20th Century Repair and Restoration
Chancel Arch - Southern End
There was under-pining in the early part of C20, drawings and specifications are in GRO.
The wall paintings were restored in 1938 under the direction of Professor E.W. Tristram.
In 1935-7 the five east bays of the south aisle were ‘reconstructed and repaired’. Following work on the tower roof in 1952 work started on the four west bays of the south aisle. The north aisle roof had oak panels replaced, the insulation material then used above this turned out to be absorbent and the width of the copper sheeting was too great. Wind blowing across the copper sheets lifted them. These roofs needed to be replaced 50 years later. During this time there were a number of attempts to steel copper and lead from the north aisle roof, it is very much out of sight. Over a period of time much of the outer sheeting was replaced. On one occasion we discovered the theft of sheeting because water started to come in on Lord Berkeley’s tomb. On another occasion the police noticed a car in the castle drive but could not find anyone around, when the theft was discovered a tool with the thief’s initials carved in the handle was found on the roof.
The north aisle was reroofed in 2000 and work on the south aisle is due to start (2002).
The pinnacles were replaced in the 1950s. The faculty correspondence states that the stone would come from Cotswoldale Quarry, Tetbury.
In July 1952 specifications and drawings for a new tower roof were produced. Messrs Robert Watson & Co. Ltd. started the work in about October and, along with stonework repairs and painting the bell frame the work was finished in January 1953. The cost of the work was £695-15s-2d.
The clock face was re-gilded soon after.
One of the major causes of water penetration into the building has been the gutters of the nave roof. They are an integral part of the stone structure of the nave walls. Any lining of the gutter has always moved within the gutter with temperature changes. Freeze-thaw of ice and snow also caused movement. This resulted in the opening up of joints of any lining within the gutter. The gutters were given a continuous fibre-glass lining. This was done in 19() with the help and approval of English Heritage. See Nave in this section.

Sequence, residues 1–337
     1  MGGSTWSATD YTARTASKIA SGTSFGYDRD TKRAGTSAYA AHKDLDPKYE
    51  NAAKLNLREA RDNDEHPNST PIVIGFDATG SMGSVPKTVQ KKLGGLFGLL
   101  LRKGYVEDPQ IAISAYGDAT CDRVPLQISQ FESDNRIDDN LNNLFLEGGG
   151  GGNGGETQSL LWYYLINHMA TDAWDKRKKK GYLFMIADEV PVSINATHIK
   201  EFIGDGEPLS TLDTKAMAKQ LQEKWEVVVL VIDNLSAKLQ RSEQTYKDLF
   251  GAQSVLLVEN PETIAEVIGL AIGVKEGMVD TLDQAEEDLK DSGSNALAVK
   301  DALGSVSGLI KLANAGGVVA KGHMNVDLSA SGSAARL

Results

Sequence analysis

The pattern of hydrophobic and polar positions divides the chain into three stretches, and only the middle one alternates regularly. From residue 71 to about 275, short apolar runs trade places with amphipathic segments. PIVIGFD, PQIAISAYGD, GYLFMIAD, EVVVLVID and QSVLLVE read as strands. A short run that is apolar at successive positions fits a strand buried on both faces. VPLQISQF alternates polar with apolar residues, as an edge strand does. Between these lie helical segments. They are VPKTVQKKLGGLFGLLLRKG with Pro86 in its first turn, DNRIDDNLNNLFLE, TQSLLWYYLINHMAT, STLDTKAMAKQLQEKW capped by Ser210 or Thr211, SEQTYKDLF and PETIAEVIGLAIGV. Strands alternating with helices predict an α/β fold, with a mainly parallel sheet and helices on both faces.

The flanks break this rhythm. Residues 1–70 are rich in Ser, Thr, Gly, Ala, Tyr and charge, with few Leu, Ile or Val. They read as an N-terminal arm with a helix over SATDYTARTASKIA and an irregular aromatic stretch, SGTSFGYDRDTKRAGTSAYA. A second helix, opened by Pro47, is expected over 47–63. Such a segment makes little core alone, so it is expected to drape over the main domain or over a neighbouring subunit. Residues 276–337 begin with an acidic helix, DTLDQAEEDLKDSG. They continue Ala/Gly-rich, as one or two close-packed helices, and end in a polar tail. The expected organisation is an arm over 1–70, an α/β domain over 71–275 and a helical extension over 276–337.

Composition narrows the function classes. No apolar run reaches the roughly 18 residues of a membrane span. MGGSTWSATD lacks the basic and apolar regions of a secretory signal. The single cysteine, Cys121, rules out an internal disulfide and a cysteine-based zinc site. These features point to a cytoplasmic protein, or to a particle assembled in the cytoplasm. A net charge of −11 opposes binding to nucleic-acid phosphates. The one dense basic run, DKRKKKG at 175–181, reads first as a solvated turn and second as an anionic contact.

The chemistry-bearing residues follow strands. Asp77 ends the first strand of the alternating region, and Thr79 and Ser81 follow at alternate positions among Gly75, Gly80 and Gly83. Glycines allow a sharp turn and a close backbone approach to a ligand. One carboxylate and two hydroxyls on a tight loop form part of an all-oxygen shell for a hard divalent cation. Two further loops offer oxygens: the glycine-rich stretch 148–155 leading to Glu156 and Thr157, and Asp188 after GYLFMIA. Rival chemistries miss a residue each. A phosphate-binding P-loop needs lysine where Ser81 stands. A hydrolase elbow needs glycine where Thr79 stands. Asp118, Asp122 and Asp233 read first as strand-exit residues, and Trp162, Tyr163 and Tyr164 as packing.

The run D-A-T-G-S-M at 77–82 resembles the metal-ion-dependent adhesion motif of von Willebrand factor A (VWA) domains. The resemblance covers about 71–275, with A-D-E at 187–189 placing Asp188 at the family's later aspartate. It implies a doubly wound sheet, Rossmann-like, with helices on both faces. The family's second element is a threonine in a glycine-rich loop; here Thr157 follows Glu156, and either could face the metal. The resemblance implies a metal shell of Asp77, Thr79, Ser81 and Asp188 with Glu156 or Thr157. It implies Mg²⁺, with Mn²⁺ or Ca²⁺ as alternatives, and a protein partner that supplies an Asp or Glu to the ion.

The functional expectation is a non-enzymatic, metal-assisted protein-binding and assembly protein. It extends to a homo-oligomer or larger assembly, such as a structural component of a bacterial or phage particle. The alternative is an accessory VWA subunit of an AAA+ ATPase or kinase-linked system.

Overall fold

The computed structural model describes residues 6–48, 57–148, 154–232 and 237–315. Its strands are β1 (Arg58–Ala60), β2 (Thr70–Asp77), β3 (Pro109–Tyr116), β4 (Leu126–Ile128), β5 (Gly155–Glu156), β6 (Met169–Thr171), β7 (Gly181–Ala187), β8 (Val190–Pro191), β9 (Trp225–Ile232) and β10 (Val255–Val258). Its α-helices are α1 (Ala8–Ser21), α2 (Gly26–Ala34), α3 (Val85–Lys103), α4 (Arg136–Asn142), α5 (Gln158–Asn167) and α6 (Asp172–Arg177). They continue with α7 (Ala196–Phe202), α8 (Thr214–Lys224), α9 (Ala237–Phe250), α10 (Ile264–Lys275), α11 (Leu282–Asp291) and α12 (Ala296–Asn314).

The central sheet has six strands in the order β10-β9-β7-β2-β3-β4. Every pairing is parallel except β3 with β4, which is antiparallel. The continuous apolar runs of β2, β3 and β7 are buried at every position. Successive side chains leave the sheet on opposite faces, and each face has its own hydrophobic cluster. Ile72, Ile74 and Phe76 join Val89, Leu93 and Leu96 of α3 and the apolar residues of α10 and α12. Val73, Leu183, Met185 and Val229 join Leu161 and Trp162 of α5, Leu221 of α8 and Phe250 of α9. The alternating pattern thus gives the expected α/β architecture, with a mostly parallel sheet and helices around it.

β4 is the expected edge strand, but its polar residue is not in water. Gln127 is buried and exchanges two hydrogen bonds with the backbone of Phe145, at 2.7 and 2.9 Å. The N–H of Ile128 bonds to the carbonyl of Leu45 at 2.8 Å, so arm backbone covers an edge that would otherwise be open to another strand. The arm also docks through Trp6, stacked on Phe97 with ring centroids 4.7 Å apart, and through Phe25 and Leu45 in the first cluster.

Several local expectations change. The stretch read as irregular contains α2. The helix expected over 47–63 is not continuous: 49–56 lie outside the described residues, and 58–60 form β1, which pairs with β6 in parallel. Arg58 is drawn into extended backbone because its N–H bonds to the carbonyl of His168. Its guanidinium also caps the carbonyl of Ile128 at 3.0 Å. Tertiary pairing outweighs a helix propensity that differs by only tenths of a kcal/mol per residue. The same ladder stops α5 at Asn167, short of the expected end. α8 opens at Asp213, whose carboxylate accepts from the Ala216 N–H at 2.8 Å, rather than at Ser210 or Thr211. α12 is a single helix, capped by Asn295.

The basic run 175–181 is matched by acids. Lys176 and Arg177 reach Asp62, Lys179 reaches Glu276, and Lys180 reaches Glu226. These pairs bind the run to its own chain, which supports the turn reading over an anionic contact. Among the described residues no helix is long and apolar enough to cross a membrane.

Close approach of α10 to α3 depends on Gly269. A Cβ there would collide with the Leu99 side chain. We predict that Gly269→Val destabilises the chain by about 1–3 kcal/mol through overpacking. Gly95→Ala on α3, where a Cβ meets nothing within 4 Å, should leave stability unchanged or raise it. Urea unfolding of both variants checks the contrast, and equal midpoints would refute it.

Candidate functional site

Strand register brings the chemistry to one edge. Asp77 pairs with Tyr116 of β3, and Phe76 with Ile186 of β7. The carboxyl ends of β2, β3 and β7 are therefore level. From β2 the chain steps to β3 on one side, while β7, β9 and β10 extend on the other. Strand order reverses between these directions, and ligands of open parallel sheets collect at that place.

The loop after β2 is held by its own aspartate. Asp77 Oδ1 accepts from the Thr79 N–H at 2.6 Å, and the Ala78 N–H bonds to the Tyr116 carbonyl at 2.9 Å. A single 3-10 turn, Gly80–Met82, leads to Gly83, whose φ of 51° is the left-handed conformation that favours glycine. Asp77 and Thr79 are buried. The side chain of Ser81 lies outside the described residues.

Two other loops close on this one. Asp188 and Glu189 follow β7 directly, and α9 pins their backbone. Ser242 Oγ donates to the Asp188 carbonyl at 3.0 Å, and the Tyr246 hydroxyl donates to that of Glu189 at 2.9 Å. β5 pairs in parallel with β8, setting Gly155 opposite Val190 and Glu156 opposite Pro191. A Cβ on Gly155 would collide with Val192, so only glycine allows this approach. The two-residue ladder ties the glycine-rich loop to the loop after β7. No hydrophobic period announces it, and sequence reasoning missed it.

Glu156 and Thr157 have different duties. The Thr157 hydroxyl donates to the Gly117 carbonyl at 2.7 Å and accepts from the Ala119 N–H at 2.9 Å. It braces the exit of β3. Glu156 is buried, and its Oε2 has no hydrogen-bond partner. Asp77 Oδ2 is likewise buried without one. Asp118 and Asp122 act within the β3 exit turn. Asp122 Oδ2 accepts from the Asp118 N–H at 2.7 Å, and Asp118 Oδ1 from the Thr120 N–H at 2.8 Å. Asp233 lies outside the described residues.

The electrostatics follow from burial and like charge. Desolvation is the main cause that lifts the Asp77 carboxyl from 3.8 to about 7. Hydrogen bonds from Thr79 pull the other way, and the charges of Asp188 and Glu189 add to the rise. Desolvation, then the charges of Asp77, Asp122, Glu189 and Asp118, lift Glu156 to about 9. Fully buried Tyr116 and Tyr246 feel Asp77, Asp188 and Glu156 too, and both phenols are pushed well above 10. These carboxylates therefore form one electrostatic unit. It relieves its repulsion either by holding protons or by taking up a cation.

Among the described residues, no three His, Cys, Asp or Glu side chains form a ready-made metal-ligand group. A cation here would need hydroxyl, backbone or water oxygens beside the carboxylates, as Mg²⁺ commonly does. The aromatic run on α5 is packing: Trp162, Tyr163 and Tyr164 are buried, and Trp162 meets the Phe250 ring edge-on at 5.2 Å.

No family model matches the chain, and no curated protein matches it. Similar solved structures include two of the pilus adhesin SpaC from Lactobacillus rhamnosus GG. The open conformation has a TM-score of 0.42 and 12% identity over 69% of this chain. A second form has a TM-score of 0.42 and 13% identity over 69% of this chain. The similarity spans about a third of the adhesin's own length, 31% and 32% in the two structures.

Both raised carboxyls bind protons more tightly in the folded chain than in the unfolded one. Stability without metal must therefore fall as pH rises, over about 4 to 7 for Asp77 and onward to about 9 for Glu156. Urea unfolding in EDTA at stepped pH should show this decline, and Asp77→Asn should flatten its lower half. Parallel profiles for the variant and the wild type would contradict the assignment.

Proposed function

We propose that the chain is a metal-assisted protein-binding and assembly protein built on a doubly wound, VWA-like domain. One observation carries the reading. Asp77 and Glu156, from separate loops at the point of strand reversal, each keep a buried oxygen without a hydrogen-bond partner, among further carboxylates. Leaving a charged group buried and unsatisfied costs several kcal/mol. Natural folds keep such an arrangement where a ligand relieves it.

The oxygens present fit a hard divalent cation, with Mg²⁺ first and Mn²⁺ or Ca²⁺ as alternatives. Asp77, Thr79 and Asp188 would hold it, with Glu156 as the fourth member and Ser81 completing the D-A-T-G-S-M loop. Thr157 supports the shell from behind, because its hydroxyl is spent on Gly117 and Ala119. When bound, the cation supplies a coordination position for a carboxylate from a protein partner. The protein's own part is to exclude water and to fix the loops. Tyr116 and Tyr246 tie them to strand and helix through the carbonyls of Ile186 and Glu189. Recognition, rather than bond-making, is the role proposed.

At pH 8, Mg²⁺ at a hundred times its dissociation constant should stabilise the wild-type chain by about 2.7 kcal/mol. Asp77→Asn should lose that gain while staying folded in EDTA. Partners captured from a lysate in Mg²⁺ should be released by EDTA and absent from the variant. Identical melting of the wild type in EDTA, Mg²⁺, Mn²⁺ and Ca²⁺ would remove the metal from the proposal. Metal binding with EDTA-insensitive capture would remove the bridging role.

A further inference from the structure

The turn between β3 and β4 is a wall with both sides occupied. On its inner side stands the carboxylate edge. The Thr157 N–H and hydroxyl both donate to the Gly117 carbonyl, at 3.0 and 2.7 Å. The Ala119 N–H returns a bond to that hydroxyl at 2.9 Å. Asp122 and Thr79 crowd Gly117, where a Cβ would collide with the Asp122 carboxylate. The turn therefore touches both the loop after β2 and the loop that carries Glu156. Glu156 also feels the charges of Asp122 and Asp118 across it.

Andrew Waring Associates carried out a structural survey of the building on 7th and 8th June 1988, at the same time W. Gartner of the Canterbury cathebg Wall Painting Workshop inspected the wall paintings. A programme of work was started.
The wall paintings at the east end of the south aisle were restored by Gartner in 1990. The need to stabilize the Tudor rose was the reason why this work was done in isolation. A trial section of the screen was cleaned (about 1.5m at the north end and 1 ½ shields) by Miss Anna Hulbert who also restored the ceiling in the castle morning room.
The Chancel has a new lead roof; this work was done during the summer of 1991. The exterior of the Chancel is the responsibility of the Dean and Chapter of Gloucester cathebg.
There is a significant tilt of the nave walls to the south. The walls have been stabilized. There are now stainless steel beams, built in sections, running along the top of both the north and south walls. The stainless steel wires that can be seen when looking up inside the nave have tied the beams together.
The wooden structure of the roof was inspected and repaired as necessary; this now has a covering of new materials with a final layer of cast lead sheeting.
The new lead gutters were laid on the fibre-glass lining. There are rubber expansion strips bonded between each length of lead. See gutters in this section.
The roof ridge with the lily motif, a symbol of the Virgin Mary and found in the wall paintings, is a new feature and acts as a ventilator.
The external walls have been rendered. The above work was done in 19().
North Aisle, Porch & Organ Loft
In 1999/2000 the roofs were striped down to the wood, which is visible from inside the church. New materials were used to form a covering, the copper being replaced by sheets of cast lead.